Ambition is the name of the game for Temple and Junior Java, as they aspire towards bigger goals. Junior Java is creating a program called Coffee Kids, aimed to help middle school students learn about business endeavors. Coffee Kids are taught how to grow their business, become a better boss along with the ways of philanthropy.

“I want to mentor more Coffee Kids in my entrepreneurship program,” Temple said. “I want to build a program to be implemented, across the country, whether that be in schools or through some other programs. I want children to have access to it across the country. I also want to be able to possibly get in a store, that’d be cool. [I want to] work on partnerships and impact more people.” 

In order to ensure that his business would be supportive to his community and beyond, Temple was strategic in the selection of which industry he would choose to pursue in order to guarantee he’d make an impact.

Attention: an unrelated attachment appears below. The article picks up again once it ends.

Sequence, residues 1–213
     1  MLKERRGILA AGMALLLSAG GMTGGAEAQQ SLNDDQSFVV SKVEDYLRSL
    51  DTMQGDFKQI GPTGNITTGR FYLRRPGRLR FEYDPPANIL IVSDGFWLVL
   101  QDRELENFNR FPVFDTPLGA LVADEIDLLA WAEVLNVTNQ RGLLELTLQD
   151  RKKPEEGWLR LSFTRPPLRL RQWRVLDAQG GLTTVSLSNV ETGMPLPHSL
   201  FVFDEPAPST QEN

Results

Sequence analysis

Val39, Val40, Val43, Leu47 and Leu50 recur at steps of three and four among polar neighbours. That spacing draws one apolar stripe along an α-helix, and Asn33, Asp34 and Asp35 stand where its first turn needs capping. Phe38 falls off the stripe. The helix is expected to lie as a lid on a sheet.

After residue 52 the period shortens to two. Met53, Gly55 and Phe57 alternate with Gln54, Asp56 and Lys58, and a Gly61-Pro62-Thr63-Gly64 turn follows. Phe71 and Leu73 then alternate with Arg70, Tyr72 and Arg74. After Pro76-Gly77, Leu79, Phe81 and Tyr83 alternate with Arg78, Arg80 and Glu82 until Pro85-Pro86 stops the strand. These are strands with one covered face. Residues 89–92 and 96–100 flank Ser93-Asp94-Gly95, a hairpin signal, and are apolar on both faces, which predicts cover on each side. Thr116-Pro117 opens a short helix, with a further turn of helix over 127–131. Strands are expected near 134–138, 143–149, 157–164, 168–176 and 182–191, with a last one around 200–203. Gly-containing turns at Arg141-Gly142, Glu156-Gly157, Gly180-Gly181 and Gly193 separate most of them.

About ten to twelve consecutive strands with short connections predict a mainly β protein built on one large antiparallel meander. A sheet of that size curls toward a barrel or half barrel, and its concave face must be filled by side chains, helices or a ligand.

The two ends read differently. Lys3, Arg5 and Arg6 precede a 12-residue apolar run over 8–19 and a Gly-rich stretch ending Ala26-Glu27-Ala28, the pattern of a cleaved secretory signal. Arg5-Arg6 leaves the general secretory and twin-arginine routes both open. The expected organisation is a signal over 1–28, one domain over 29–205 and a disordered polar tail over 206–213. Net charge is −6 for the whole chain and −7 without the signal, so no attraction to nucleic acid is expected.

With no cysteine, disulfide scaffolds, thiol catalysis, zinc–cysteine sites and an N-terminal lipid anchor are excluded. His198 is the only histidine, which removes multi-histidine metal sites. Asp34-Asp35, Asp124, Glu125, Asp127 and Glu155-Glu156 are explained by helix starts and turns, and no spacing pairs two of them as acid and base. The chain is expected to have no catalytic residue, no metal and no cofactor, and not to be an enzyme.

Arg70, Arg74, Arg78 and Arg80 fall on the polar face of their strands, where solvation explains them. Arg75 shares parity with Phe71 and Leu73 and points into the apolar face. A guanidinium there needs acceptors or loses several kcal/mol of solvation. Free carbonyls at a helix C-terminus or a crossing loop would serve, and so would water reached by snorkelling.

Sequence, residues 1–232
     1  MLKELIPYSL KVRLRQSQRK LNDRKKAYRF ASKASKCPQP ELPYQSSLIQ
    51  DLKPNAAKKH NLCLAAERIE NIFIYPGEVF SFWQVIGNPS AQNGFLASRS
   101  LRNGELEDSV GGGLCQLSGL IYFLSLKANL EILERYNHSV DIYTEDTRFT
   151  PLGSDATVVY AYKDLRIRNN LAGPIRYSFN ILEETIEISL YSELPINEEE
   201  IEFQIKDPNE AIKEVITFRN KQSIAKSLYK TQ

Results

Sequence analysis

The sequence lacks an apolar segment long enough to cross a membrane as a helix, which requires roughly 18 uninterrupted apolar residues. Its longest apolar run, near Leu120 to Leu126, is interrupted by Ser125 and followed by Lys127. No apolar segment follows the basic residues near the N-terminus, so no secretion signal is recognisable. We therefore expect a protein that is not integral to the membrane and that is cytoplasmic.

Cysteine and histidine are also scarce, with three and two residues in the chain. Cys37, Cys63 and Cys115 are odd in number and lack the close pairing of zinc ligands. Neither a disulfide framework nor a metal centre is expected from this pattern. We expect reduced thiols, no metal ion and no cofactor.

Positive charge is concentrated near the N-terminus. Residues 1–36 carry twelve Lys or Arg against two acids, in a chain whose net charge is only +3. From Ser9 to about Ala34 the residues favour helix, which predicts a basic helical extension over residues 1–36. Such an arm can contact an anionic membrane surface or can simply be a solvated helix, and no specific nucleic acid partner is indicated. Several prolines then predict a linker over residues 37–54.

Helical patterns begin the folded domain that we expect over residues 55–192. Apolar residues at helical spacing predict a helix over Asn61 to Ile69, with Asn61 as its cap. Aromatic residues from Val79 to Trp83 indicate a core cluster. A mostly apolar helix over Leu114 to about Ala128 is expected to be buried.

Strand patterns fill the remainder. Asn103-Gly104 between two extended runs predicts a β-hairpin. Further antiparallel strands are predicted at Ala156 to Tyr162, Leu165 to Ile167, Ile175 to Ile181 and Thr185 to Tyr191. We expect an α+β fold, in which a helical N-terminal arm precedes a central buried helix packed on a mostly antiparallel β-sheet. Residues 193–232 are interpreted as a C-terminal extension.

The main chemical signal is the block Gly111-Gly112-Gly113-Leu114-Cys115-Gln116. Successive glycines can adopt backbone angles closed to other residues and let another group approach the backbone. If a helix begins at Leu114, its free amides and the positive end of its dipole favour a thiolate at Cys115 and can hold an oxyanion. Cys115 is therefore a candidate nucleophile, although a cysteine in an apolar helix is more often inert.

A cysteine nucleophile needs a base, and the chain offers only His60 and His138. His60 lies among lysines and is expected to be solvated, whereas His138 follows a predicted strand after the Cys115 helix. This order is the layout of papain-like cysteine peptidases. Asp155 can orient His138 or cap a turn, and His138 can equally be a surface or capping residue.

“I knew that coffee and tea were the second and third most [consumed] beverages behind water,” Temple said. “I knew I could use that, especially at the margins on the product, to be able to help other people.”

In the beginning, Junior Java had a few believers in its future. But as the years have passed, Temple has grown, and so have Junior Java’s followers.

“[We’ve upgraded] our brand quality from the beginning,” Temple said. “[From] me in seventh grade roasting the coffee with [a] tiny roaster to being able to now roast on giant machines, have super high-quality coffee and upgrade my brand has been really amazing. And being able to update my impact has been amazing.”

As Junior Java has developed with their machinery they have also advanced their sourcing for their beans. 

“We source it from countries around the world like Ethiopia, Honduras, Costa Rica, Peru ,” Temple said. “We have access to a lot more but we do that through a local supplier who helps us do that.”

Those around Temple have witnessed how passionate he is about his business and how Junior Java has influenced him. Muluye is no exception.